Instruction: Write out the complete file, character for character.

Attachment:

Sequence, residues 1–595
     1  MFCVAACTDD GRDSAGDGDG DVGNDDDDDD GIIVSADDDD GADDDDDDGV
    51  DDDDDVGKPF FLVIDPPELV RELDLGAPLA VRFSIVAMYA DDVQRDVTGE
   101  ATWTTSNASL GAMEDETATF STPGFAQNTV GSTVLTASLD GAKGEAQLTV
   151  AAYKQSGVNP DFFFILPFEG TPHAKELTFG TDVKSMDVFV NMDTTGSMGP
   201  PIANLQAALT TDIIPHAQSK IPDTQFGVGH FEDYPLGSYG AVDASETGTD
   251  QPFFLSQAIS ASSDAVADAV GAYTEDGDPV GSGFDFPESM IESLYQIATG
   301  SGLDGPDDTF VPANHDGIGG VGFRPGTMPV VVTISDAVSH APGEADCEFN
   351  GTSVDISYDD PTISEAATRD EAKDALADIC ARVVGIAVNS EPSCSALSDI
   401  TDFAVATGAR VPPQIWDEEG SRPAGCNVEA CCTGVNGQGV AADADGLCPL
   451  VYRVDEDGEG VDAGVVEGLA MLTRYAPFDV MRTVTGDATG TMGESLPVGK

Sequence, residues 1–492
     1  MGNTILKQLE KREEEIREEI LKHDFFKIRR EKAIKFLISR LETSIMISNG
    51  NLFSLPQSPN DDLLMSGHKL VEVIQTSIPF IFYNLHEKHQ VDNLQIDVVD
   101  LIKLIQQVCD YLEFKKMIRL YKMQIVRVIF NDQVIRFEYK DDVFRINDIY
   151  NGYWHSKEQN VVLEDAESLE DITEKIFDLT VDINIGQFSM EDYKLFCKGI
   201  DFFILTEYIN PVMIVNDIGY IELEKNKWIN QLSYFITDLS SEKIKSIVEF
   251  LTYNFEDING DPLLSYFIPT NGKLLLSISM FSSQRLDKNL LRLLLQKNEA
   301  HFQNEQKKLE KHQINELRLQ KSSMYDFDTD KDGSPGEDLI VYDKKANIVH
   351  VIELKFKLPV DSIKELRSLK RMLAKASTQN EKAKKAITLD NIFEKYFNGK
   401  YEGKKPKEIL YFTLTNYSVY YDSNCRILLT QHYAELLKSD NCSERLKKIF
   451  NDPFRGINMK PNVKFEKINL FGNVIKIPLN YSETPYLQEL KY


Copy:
Sequence, residues 1–595
     1  MFCVAACTDD GRDSAGDGDG DVGNDDDDDD GIIVSADDDD GADDDDDDGV
    51  DDDDDVGKPF FLVIDPPELV RELDLGAPLA VRFSIVAMYA DDVQRDVTGE
   101  ATWTTSNASL GAMEDETATF STPGFAQNTV GSTVLTASLD GAKGEAQLTV
   151  AAYKQSGVNP DFFFILPFEG TPHAKELTFG TDVKSMDVFV NMDTTGSMGP
   201  PIANLQAALT TDIIPHAQSK IPDTQFGVGH FEDYPLGSYG AVDASETGTD
   251  QPFFLSQAIS ASSDAVADAV GAYTEDGDPV GSGFDFPESM IESLYQIATG
   301  SGLDGPDDTF VPANHDGIGG VGFRPGTMPV VVTISDAVSH APGEADCEFN
   351  GTSVDISYDD PTISEAATRD EAKDALADIC ARVVGIAVNS EPSCSALSDI
   401  TDFAVATGAR VPPQIWDEEG SRPAGCNVEA CCTGVNGQGV AADADGLCPL
   451  VYRVDEDGEG VDAGVVEGLA MLTRYAPFDV MRTVTGDATG TMGESLPVGK

Sequence, residues 1–492
     1  MGNTILKQLE KREEEIREEI LKHDFFKIRR EKAIKFLISR LETSIMISNG
    51  NLFSLPQSPN DDLLMSGHKL VEVIQTSIPF IFYNLHEKHQ VDNLQIDVVD
   101  LIKLIQQVCD YLEFKKMIRL YKMQIVRVIF NDQVIRFEYK DDVFRINDIY
   151  NGYWHSKEQN VVLEDAESLE DITEKIFDLT VDINIGQFSM EDYKLFCKGI
   201  DFFILTEYIN PVMIVNDIGY IELEKNKWIN QLSYFITDLS SEKIKSIVEF
   251  LTYNFEDING DPLLSYFIPT NGKLLLSISM FSSQRLDKNL LRLLLQKNEA
   301  HFQNEQKKLE KHQINELRLQ KSSMYDFDTD KDGSPGEDLI VYDKKANIVH
   351  VIELKFKLPV DSIKELRSLK RMLAKASTQN EKAKKAITLD NIFEKYFNGK
   401  YEGKKPKEIL YFTLTNYSVY YDSNCRILLT QHYAELLKSD NCSERLKKIF
   451  NDPFRGINMK PNVKFEKINL FGNVIKIPLN YSETPYLQEL KY